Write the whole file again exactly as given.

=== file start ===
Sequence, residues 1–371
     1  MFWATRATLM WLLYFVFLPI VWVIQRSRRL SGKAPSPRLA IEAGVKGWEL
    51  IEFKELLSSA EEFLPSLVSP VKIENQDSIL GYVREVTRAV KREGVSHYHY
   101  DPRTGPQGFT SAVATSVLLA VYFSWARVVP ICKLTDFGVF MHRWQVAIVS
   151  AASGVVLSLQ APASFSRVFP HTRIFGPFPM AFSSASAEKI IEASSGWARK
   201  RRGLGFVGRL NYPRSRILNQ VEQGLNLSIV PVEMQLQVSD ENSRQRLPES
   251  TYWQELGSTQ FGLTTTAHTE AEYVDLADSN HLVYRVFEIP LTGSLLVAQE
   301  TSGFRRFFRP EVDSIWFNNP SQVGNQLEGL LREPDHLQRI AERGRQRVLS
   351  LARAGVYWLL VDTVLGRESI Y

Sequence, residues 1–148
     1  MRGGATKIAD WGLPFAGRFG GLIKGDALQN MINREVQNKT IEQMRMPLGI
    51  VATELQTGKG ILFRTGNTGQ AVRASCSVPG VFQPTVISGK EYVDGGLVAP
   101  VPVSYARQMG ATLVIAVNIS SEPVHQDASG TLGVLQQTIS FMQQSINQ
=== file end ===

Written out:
Sequence, residues 1–371
     1  MFWATRATLM WLLYFVFLPI VWVIQRSRRL SGKAPSPRLA IEAGVKGWEL
    51  IEFKELLSSA EEFLPSLVSP VKIENQDSIL GYVREVTRAV KREGVSHYHY
   101  DPRTGPQGFT SAVATSVLLA VYFSWARVVP ICKLTDFGVF MHRWQVAIVS
   151  AASGVVLSLQ APASFSRVFP HTRIFGPFPM AFSSASAEKI IEASSGWARK
   201  RRGLGFVGRL NYPRSRILNQ VEQGLNLSIV PVEMQLQVSD ENSRQRLPES
   251  TYWQELGSTQ FGLTTTAHTE AEYVDLADSN HLVYRVFEIP LTGSLLVAQE
   301  TSGFRRFFRP EVDSIWFNNP SQVGNQLEGL LREPDHLQRI AERGRQRVLS
   351  LARAGVYWLL VDTVLGRESI Y

Sequence, residues 1–148
     1  MRGGATKIAD WGLPFAGRFG GLIKGDALQN MINREVQNKT IEQMRMPLGI
    51  VATELQTGKG ILFRTGNTGQ AVRASCSVPG VFQPTVISGK EYVDGGLVAP
   101  VPVSYARQMG ATLVIAVNIS SEPVHQDASG TLGVLQQTIS FMQQSINQ